"Fourth-Grade Slump" Examined
Over the past decade, many low-income schools throughout the country have seen an improvement in reading scores in first through third grades as schools increasingly used the research on beginning reading. However, researchers have noted a drop in reading test scores for low income students after finishing the third grade. This drop has been referred to as the "fourth grade slump."
The director of research for the National Institute of Direct Instruction, Dr. Jean Stockard, conducted a research study to see if using Direct Instruction continuously through fifth grade could overcome this phenomena. Dr. Stockard examined the results of a Direct Instruction implementation in a large low-income urban district. She focused on the performance of children who began Direct Instruction in kindergarten and first grade and continued in DI classrooms through fifth grade.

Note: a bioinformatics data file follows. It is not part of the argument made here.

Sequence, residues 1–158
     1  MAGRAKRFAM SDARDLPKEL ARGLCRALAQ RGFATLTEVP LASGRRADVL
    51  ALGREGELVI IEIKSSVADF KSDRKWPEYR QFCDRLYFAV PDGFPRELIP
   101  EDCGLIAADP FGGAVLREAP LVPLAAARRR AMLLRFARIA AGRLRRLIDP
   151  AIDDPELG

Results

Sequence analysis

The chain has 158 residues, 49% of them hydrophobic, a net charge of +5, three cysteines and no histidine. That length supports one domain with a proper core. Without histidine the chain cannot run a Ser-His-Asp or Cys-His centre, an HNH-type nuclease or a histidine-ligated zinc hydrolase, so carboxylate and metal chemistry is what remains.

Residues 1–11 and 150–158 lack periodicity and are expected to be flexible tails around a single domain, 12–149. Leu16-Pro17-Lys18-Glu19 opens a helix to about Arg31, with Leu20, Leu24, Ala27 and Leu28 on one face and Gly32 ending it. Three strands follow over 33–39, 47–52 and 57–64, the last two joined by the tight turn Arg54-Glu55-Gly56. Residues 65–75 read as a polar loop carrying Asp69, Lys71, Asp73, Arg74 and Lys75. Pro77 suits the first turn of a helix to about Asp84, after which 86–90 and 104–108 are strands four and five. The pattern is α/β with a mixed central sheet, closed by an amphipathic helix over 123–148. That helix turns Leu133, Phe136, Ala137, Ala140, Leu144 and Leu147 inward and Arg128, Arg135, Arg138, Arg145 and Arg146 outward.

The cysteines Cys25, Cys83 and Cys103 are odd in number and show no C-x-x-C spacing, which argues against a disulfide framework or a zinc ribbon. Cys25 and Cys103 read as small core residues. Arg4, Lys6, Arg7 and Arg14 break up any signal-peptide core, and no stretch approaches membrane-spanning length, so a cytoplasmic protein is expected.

Dr. Stockard found that students in the DI programs out performed students in the District reading program and also performed above the national reading norms, thus countering the fourth-grade slump. The article was published in 2010 in the Journal of Education for Students Placed at Risk. The complete article, Promoting Reading Achievement and Countering the "Fourth-Grade Slump": The Impact of Direct Instruction on Reading Achievement in Fifth Grade can be requested through . You can view the abstract of the article in the NIFDI Research Database by clicking here.